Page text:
Where else but RCP’s West End Co-op can community members buy a patient-made total eclipse t-shirt that not only supports the rehab program, but allows buyers to individualize the shirts with their own eclipse-colored thumb print?
The shirts, which feature a picture of South Carolina outlined in a fiery eclipse corona and the phrase “Where were you?,” will be made and sold today through next week at the downtown co-op. RCP’s West End Co-op is at 104 Augusta St, Greenville. Its hours of operation are 8:30 a.m.-5 p.m., including during the eclipse day itself.
The cost of the shirt is $20, with proceeds going back into the innovative rehab program. The total time for making a screen-printed t-shirt, then customizing it with customer’s thumbprint to symbolize the total eclipse, is approximately one minute. The thumbprint will go where Greenville would fall on a map.
Patients and former patients will also be making “full-eclipse cookies,” also known as dark chocolate cookies. While the cookies are free, donations will be accepted.
The West End Co-op, a program of Greenville Health System’s Roger C. Peace Rehabilitation Hospital, is a one-of-a-kind community-based rehab employment model. The co-op provides a supportive yet creative environment in which individuals with brain injuries can participate in “work worth doing” in a real community setting. The co-op is an emerging small business integrative therapy model that can be used to integrate persons with brain injuries back into the workforce.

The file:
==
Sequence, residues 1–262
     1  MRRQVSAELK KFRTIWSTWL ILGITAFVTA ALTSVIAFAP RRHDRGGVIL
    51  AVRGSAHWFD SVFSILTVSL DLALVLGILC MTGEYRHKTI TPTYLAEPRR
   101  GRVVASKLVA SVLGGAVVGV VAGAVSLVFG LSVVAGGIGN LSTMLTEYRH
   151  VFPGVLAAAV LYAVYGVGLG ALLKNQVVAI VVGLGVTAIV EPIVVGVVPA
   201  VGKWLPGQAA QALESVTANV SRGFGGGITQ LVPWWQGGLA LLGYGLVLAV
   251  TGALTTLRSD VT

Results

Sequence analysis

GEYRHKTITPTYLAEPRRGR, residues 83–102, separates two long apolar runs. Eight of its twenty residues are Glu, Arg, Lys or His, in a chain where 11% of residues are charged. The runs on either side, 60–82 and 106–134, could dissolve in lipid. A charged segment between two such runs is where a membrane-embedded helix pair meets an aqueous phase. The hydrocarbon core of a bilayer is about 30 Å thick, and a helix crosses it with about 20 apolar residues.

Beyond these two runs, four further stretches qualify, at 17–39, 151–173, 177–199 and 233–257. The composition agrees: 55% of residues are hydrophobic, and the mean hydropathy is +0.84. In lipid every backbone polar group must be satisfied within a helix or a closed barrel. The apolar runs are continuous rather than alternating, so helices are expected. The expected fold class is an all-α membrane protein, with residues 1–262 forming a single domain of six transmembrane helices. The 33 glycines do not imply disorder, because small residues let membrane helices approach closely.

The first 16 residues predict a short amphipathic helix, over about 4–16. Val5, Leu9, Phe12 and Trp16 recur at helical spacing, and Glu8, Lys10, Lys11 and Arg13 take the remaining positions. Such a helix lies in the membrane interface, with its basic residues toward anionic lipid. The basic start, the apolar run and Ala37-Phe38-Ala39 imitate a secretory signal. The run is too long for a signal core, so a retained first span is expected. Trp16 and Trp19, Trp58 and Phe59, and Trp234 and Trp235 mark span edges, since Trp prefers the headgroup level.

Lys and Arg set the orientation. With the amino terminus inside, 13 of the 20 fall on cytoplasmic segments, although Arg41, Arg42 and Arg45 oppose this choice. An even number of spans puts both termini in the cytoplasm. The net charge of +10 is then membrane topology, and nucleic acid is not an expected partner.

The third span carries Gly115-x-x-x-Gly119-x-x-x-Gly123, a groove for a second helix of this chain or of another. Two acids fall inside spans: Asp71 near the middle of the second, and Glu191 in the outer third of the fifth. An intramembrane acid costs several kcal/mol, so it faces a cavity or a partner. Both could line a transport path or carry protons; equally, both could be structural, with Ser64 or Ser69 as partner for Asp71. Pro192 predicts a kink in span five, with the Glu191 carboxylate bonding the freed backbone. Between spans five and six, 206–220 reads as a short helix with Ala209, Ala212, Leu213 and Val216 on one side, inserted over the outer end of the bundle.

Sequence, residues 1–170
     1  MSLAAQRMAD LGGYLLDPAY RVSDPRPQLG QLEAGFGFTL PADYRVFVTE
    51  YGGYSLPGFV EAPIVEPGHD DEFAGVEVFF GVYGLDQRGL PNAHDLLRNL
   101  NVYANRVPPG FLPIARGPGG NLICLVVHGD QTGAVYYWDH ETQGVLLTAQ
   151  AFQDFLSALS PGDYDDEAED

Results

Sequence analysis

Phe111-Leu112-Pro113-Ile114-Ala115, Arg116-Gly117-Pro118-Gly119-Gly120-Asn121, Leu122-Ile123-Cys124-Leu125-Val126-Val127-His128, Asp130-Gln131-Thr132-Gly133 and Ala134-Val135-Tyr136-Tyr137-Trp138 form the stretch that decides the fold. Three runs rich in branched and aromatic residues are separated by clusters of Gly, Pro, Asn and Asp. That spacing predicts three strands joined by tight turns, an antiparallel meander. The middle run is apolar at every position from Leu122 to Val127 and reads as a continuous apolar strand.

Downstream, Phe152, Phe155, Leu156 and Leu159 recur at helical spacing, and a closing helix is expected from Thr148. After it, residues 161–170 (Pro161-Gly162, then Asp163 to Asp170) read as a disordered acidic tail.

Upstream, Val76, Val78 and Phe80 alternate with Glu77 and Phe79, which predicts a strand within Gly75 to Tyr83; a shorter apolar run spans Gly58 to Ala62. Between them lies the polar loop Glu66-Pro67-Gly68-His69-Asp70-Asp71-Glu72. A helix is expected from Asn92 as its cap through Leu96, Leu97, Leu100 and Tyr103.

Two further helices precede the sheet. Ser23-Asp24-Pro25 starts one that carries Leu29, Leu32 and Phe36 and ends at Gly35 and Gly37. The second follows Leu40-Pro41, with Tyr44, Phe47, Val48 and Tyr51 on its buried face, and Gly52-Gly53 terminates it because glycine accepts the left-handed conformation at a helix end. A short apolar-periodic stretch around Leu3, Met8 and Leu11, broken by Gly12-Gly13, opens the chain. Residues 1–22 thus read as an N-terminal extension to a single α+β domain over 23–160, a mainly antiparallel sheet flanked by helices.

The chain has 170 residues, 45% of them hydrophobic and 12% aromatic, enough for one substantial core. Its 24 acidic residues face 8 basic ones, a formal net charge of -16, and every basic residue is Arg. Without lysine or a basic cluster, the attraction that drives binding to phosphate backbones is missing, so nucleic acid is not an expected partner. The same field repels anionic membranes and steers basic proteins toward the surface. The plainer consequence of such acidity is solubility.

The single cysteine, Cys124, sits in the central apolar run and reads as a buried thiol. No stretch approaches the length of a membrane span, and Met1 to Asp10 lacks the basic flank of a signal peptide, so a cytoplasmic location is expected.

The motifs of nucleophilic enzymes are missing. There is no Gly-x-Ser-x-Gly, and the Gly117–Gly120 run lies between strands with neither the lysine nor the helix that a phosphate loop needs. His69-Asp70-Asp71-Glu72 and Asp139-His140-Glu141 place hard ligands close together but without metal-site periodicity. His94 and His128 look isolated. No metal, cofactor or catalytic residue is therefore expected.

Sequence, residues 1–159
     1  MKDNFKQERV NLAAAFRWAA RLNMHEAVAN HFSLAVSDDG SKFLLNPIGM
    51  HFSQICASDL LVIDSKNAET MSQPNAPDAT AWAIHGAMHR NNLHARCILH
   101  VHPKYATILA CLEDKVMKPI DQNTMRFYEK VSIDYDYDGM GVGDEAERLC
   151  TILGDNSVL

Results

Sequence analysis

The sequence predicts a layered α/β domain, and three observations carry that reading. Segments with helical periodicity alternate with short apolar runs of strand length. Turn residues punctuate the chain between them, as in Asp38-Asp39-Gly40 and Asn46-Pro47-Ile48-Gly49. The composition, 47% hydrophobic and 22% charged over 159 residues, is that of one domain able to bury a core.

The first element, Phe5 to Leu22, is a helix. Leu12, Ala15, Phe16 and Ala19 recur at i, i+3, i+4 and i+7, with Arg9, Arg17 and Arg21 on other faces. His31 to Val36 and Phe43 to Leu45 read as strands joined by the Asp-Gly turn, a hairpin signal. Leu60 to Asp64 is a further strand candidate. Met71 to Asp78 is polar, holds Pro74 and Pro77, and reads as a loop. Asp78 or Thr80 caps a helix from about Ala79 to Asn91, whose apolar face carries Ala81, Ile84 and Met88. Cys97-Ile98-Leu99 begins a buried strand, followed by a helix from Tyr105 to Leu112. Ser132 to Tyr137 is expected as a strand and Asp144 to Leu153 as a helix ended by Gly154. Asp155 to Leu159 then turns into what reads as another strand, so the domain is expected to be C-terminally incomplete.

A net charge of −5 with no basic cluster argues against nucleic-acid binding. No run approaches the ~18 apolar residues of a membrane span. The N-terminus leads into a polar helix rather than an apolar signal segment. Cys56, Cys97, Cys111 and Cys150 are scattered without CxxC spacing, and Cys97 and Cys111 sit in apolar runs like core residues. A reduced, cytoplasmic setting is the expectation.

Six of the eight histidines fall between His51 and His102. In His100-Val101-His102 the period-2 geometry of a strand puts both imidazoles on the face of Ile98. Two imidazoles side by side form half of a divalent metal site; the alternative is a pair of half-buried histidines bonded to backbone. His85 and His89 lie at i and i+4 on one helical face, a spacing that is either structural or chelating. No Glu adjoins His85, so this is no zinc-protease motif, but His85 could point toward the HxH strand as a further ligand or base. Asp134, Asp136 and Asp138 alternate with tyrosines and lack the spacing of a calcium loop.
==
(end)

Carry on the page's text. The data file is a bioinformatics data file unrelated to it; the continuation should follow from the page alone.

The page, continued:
At the West End Co-op, participants perform real-life tasks to gain new skills, confidence and a sense of connectedness. Participants may work as an employee, volunteer or participate as an extension of their individual therapy.
The Co-op offers custom screen printing and embroidery, thousands of promotional items, handcrafted jewelry and same-day delivery of its signature giant Otis Spunkmeyer cookies.
The program, which started in 2002, has benefited more than 3,000 patients recovering from traumatic brain injuries or stroke in the past four years alone.
Patients love the real-world activities but also feeling like they’re giving back to the community. The Co-op is a great way for patients to work on functional exercises in a non-clinical setting. Here, patients help improve cognitive skills by following step-by-step directions to make the detailed projects and improve gross and fine-motor skills by the physical work involved. It’s still physical, occupational and speech therapy—it just doesn’t feel like it.
Patients are excited about making the shirts, but especially about the opportunity to individualize their own shirts with their inky thumbprints.
Kimbo Bridges is supervisor of the West End Co-op, part of Prisma Health’ss Roger C. Peace Rehabilitation Hospital.